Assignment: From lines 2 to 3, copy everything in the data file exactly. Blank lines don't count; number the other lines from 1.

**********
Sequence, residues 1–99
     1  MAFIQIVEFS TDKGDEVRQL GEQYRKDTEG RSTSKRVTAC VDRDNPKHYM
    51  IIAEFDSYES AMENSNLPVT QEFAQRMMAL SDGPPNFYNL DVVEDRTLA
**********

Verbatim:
     1  MAFIQIVEFS TDKGDEVRQL GEQYRKDTEG RSTSKRVTAC VDRDNPKHYM
    51  IIAEFDSYES AMENSNLPVT QEFAQRMMAL SDGPPNFYNL DVVEDRTLA